One of my happiest childhood memories is going to a Yankees game when I was eleven years old. If you asked me today, I couldn’t tell a single thing about the actual game. I have no idea who the Yankees played, what the score was, or even what the weather was. (Though I am pretty sure it wasn’t cold.)
Why is it a favorite memory then, you may be asking? What I remember most was the thrill of anticipation.
I can vividly remember several details about the events leading up to the game—the excitement when I first heard of the plans, the chaotic car ride, and the gluttonous tailgate party.
As for the rest of my memories from that day—once the game started—well, I draw a complete blank.
Which brings me to the life lesson I learned on that slightly dangerous, but marvelous day: Anticipation can sometimes be more enjoyable than the actual event. And that, in and of itself, can make a memory all the more special.
I should premise this blog post with a caveat. While I love sports, I am not a huge baseball fan. In fact, if I had to choose a sporting event to attend other than a tennis match, baseball wouldn’t be my second (that would be football), third (basketball) or even fourth (soccer) choice. But on that magical day sometime in 1985, I didn’t care.
I remember being told a few days before that my dad would be taking my sister and I to a Yankees game with two other families. Moms had the “day off.” (Yeah, right.)
I was so excited I could hardly sleep. I suppose that’s why my parents didn’t share the plans too far in advance. I debated my outfit, changing which navy-blue shirt and shorts combo I would wear several times.
Since I didn’t have a Yankees hat, I secretly hoped I’d get one as a souvenir. (I was told that, just in case the New York fans were unruly, I couldn’t wear my beloved Philadelphia Phillies hat that our neighbor gave me. I didn’t care about the Phillies either, mind you. I just liked the color red.)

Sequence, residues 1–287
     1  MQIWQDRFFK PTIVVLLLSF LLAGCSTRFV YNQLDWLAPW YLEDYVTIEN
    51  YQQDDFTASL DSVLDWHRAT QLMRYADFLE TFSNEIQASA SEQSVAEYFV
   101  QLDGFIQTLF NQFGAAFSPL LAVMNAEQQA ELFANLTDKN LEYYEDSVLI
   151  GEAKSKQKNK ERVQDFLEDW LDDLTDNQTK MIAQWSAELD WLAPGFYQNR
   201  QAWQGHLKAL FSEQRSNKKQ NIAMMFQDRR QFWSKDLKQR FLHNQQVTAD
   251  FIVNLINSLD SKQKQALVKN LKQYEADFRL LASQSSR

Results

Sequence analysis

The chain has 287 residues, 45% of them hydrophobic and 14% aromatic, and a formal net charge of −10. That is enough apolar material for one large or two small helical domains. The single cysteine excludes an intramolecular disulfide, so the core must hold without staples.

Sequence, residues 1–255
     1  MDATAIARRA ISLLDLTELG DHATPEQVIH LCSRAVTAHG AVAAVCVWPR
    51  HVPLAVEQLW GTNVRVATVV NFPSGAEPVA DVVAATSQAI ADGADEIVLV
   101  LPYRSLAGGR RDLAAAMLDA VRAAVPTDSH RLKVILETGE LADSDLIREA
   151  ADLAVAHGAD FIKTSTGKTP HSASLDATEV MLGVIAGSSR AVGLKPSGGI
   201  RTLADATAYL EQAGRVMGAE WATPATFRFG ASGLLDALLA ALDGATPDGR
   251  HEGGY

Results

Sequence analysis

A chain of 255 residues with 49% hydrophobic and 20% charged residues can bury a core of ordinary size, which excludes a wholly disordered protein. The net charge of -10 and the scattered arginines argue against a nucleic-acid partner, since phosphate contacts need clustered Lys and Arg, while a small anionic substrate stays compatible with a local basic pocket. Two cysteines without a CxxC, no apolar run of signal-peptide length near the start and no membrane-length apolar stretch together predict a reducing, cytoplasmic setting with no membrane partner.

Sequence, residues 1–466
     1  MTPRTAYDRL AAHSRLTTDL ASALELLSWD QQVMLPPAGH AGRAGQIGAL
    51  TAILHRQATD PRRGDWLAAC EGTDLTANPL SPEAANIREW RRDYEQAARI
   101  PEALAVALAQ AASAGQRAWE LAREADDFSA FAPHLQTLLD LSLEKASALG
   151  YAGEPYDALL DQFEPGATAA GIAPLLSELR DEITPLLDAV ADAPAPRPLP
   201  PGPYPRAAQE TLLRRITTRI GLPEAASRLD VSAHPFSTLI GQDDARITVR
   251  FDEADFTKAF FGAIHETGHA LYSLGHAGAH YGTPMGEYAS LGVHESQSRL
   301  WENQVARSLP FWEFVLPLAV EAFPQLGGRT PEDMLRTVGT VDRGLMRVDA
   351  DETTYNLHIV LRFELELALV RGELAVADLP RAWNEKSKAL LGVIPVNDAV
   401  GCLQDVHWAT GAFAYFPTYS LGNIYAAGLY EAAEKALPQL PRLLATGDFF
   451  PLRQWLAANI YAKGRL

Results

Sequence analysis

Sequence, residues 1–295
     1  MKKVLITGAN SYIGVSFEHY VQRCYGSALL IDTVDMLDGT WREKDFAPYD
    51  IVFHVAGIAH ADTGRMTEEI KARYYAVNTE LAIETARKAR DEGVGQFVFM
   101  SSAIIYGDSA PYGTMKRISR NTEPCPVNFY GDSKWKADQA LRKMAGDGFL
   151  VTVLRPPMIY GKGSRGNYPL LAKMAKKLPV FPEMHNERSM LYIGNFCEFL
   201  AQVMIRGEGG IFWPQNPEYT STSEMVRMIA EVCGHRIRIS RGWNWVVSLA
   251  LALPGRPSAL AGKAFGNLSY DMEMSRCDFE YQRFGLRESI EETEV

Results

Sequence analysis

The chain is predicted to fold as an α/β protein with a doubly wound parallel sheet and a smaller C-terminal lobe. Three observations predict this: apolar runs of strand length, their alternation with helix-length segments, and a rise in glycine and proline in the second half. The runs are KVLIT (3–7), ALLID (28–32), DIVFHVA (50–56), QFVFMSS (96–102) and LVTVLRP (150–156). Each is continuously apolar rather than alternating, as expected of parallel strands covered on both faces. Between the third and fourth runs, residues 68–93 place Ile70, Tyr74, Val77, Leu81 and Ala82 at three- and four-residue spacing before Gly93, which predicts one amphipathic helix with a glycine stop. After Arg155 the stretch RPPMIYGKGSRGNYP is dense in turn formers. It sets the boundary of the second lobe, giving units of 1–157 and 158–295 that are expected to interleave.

Bright and early that Saturday morning, we met at C’s house. C was one of my dad’s friends and also happened to have the biggest car. Once the other family had arrived, we all loaded into C ‘s humongous station wagon. (Remember a time before SUVs?)
To give you a sense of how the day was going to go, our Yankee stadium crew consisted of three fathers chaperoning seven children ranging in age from ten to sixteen.
I love my dad dearly, but I wouldn’t say he had the same standards of safety, cleanliness, and nutrition as my mother. Neither did the other two fathers. Let the good times roll!
Shake and brake
I recall my sister and I sat in the way, way back along with three of the other boys. How was that possible, you may be wondering? Easy: three kids got the backwards-facing seat, while two of us sat on the floor.
Although my knowledge of the law is a bit hazy (I was only a kid after all), I’m pretty sure seatbelts weren’t required back then. That meant that whenever we went over a big bump, those of us in the back of the station wagon often bounced up. So much so, that our heads frequently touched (aka hit) the ceiling.
At some point it became a great game. Yes, it was slightly dangerous, but still marvelous.
Since the dads weren’t really paying attention to us, we opened the back window and took turns screaming “Yankee Stadium, dead ahead.” And of course, no road trip is complete without making the “honk your horn” gesture to other cars.
The other funny detail I remember was that C didn’t have time to shave that morning. I recall that he brought his electric razor with him. The car ride to Queens took about an hour and a half. Approximately fifteen minutes before we arrived—once we hit the Major Deegan Expressway—C decided that would be a good time to shave.
For those of you who don’t know, the Major Deegan is an extremely busy six-lane road, with three-lanes in each direction. It was like C was driving the Indy 500 with one hand on the wheel, the other on his electric razor. Again, slightly dangerous, but still marvelous.
I can only imagine how our packed car must’ve looked to the people driving by. Seven screaming kids, a driver shaving, and the other two adult passengers deeply engrossed in conversation. Perhaps they would agree it was slightly dangerous, but still marvelous.
Full of bologna
My dad, a huge Brooklyn Dodgers fan, was the most excited about going to the game. As for me, I would describe myself as an ambivalent baseball fan at best. My sister, on the other hand, who didn’t care for any sports, was literally was along for the ride.